Graduates May 25

The well-worn cliché about villages and child-raising takes on real meaning in the case of Javarri Beachum and Port St. Joe.

Born into a "humble beginnings" Beachum first came to the attention of Eugene Raffield at the age of 8.

Beachum was on the peewee baseball team that Raffield coached and it did not take long for Raffield, and in turn his wife, Margie, to take a shine to the small, undersized youngster.

“He just a special little guy,” Raffield said this week. “He needed help and a lot of people in this community helped him along the way.”

That way will arrive at Annapolis, Maryland next weekend and Beachum’s graduation from the U.S. Naval Academy, commissioned an Ensign in the U.S. Navy, sworn in by President Donald Trump.

“This is not only the accomplishment of a young man who has overcome adversity and has preservered,” said Commander (Ret.) Marty Jarosz, who led the Port St. Joe High School NJROTC program while Beachum was in high school.

“This is also an accomplishment of the city of Port St. Joe that identified and nurtured the qualities in this young man to succeed. I put this accomplishment right up there with being drafted into the National Football League or Major League Baseball.”

Next month, Beachum is due to be assigned to Pensacola Air Base to begin training to become a fighter pilot. He could spend the next two years in Florida or be transferred to Corpus Christi, TX.

“I won’t know exactly what airframe I will fly for quite some time but my desire is to be a fighter or attack pilot, flying either the F-18 or F-35,” Beachum said. “I think I’ll be happy with whatever billion dollar aircraft they trust me to fly, though.”

Raffield said there were plenty of hands providing the chain for Beachum to cling to while making his climb.

After coaching him in baseball, the Raffields effectively took a special interest in Beachum.

Raffield calls Beachum and his sons Sawyer and Spencer, “my boys.”

But, Raffield said, he and his wife were hardly alone.

“That is what is wonderful about a small town, a lot of people helped that young man out,” Raffield said. “I hear people all the time thanking me or Margie for what we have done for him, but it was not just us.

“A lot of people in this small close-knit community touched his life, to allow him to see the other side. And he took it.”

In particular, Raffield said, Jarosz was instrumental in turning a self-acknowledged average student onto the path that would lead to Annapolis.

“That man pounded into Javarri’s stubborn head that he had to work harder to get what he wanted,” Raffield said. “That man gave Javarri so much.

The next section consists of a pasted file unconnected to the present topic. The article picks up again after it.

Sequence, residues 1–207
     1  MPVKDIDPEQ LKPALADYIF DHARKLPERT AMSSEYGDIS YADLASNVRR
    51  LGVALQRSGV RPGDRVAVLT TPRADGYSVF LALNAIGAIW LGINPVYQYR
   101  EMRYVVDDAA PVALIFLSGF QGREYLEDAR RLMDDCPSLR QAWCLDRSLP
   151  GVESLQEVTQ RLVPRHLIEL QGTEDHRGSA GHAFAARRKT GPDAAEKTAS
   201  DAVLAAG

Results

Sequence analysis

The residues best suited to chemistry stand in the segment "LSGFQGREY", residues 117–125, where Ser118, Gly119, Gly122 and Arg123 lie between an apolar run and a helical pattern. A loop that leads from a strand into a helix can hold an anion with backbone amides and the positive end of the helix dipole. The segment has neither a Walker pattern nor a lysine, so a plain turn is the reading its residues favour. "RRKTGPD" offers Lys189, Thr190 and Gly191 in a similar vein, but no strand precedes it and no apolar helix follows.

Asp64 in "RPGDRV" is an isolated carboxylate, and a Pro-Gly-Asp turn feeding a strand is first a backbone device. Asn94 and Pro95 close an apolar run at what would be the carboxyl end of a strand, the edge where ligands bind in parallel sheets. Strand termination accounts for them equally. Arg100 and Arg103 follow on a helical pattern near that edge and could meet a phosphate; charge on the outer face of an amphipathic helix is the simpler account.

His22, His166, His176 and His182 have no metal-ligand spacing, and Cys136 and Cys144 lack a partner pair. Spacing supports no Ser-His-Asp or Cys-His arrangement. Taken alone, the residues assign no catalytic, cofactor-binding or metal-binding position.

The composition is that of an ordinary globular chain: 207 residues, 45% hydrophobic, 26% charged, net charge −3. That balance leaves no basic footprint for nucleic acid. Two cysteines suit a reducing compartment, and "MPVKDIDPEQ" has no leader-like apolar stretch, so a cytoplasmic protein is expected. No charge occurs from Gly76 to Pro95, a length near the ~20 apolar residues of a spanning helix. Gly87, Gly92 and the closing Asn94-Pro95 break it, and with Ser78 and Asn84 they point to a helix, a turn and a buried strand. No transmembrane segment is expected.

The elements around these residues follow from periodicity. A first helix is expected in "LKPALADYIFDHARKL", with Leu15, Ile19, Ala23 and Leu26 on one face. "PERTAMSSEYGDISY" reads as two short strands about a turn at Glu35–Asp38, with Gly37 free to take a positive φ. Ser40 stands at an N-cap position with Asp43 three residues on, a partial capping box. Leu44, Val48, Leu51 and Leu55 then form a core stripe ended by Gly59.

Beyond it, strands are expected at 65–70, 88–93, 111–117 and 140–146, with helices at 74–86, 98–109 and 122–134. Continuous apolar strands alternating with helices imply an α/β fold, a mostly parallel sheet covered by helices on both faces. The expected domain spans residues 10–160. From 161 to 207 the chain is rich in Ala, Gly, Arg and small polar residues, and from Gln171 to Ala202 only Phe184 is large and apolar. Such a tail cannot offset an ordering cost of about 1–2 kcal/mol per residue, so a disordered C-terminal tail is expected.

“He, as much as anybody, was responsible for getting Javarri where he is.”

Beachum has also, as Raffield put it, more than lived up to the responsibility that arrives with all those extended hands.

A responsibility to not waste opportunities, to work for achievement instead of having it handed over, to strive and never be complacent.

Beachum excelled in school, was a varsity athlete and president of his high school class.

“I do feel a sense of pride and accomplishment because I know that there is a small percentage of people that get the opportunities that I’ve had in my life already,” Beachum said.

“This sense of pride is fueled by those who support me back home because I couldn’t have done it without many people who demonstrated a genuine concern and care for my life and well being, not my success.”

Above it all, Beachum said, there was the “attitude and aspiration” to better his station, and the lessons forged in Port St. Joe.

“The foundation of who I am was created and molded in Port St. Joe and that’s good and bad; I’ll focus on the good,” Beachum said. “Port St. Joe taught me … there’s nothing more important that building a relationship with the Lord and building relationships with those around you.

“If it were not for this, everything I have strived for in life would be pointless because these relationships give value to what I do in my life, not the other way around.”

Next weekend, Beachum will take a step that many in the community believed was ahead of him, believed enough to invest in a young man in need of direction and stability.

“He’s a bright, intelligent young man who will do great things,” Raffield said. “The community will be very proud of Javarri Beachum.”